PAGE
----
Most Beestonian’s will recognise the logo for ‘Let’s Go to Beeston’ which was previously part of the Beeston BID campaign, and ran from 2010 – 2015. The management of the website is now being taken over by Beeston Community Resource (BCR) which manages Middle Street Resource Centre.

The handover officially took place at the resource centre on October 5, and the Let’s Go to Beeston site and related social media are all in the very capable hands of a group of volunteers at Middle Street.

LGTB used to receive funding but is now a charitable free service and is supported by Voluntary Action Beeston and Citizen’s Advice Bureau. Previously, the focus was very much on the centre of Beeston but now they are keen to involve the wider community, especially with the recently opened Canalside Heritage Centre in Beeston Rylands.

The new partnership is ideal, and is providing  not only the volunteers with something to put their skills to good use, but also to raise the profile of LGTB again and further benefit Beeston as a town and as a community.

There are over 70+ volunteers at Middle Street, which began life as a Nottinghamshire County Council Day Centre for people affected by mental health issues. Today, the centre is still supportive of people with mental health issues, and a lot of the volunteers have experienced and still experience such issues as part of their everyday lives.

By teaming up with Let’s Go to Beeston, it gives the volunteers the opportunity to put their skills into practice and give them something to work on which benefits them and the community of Beeston. As the management is mainly web and social media based, those with IT skills such as Karen will be able to contribute plenty to the online presence.

Karen spoke at the launch about the relationship between mental health and the online world, particularly the impacts of social media. She pointed out that adults who don’t use the internet can become socially excluded, so becoming familiar with IT is important for communication. Despite the negativity that can arise from being on social media, she emphasises that “it’s about how human beings use [IT and social media].”

Karen will be part of the admin team for the website, and will work to “develop friendlier, kinder social media” as well as making sure that the website becomes a resource that is “run by the community for the community.”

Colin, another volunteer, has been supporting Middle Street for 2 years now. “It’s a fantastic space for people to come, talk, get support and learn,” he says. “I’m really passionate about Beeston.” He is currently studying computing and system development which has come in handy while working on the Let’s Go to Beeston website and he hopes that it will “help people see all the good things that are going on and showcase the very best of Beeston.”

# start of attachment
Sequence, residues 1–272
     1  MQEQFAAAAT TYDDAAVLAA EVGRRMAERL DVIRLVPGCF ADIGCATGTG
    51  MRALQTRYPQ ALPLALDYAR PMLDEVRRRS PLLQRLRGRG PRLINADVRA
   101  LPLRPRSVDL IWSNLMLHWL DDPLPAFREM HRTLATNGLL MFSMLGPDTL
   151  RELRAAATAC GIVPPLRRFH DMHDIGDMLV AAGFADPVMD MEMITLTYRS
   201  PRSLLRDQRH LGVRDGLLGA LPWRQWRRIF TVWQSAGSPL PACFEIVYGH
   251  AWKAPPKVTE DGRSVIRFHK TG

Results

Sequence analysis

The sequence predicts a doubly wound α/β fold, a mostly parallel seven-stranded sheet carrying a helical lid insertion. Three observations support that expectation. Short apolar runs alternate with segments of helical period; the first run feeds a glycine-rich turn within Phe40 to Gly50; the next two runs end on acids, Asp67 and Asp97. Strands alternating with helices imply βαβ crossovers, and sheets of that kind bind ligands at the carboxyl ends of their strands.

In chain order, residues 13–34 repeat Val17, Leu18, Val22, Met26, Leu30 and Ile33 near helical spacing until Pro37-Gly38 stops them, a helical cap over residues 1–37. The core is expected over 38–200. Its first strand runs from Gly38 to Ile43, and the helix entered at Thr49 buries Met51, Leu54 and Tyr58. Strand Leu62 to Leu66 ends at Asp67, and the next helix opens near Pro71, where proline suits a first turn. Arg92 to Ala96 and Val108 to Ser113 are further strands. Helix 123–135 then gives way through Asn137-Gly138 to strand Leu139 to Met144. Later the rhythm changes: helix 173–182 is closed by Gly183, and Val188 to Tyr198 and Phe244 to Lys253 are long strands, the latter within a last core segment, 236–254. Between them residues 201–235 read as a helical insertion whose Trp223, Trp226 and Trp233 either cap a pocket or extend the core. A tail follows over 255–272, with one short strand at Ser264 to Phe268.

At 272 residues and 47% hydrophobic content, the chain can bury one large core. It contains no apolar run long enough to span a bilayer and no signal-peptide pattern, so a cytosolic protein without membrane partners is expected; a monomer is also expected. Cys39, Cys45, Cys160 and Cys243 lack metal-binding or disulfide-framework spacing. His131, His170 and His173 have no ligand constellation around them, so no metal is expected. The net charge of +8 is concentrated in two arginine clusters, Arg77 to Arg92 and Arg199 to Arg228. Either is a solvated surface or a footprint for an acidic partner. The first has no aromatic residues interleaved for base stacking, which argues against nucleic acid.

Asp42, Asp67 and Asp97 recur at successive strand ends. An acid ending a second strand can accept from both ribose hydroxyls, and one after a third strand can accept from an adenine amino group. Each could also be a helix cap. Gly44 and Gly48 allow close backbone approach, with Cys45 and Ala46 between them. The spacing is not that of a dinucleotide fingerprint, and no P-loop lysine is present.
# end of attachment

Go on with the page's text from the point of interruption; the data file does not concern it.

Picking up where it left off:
Although the website is still a work in progress, there are already plenty of resources on there such as a community section, Beeston News and a business directory which needs the help of local people to keep it up to date as new businesses come into the town, and others leave. This community input is something that the team are keen to incorporate. Colin calls for local photographers to send in their photos of Beeston to contribute to the website and celebrate Beeston in the most visual way possible. As well as this, he wants residents to let them know what your Beeston news is, and if you’ve got an event there will soon be a dedicated events calendar so people know what’s going on.

Linda Lally was also in attendance at the launch, and says: “My knowledge of Beeston and Let’s Go to Beeston comes from previous involvement. When Steph [Marketing Manager at NET] came to see us there was a good opportunity for Middle Street, for people, and volunteers. I will use my expertise to engage with volunteers to give them confidence and self-esteem.”

There are also a few other developments arising from the re-launch of the website, which wants to take advantage of the 40,000 people who continued to engage with the site last year. The website and its ethos is ‘worth preserving’ and is a platform which can help in terms of submitting proposals for new things around the town, and is a good place to share points about what the community think Beeston could benefit from having or doing.

They’ve got a newsletter which can be found at Middle Street, which is the place to go for anyone who wants to talk with the volunteers working on the site. The next two weeks will see the centre hosting various events for Mental Health Awareness Weeks, and they’ll have an open day next Monday from 2-7pm, which people are encouraged to attend and get involved with.

All in all, the Let’s Go to Beeston website can only be a positive thing for the town and the volunteers working to make it the best it can be, and to provide an online space for residents of all ages and backgrounds to keep up to date with what’s happening.

You can visit the website at: http://www.letsgotobeeston.co.uk/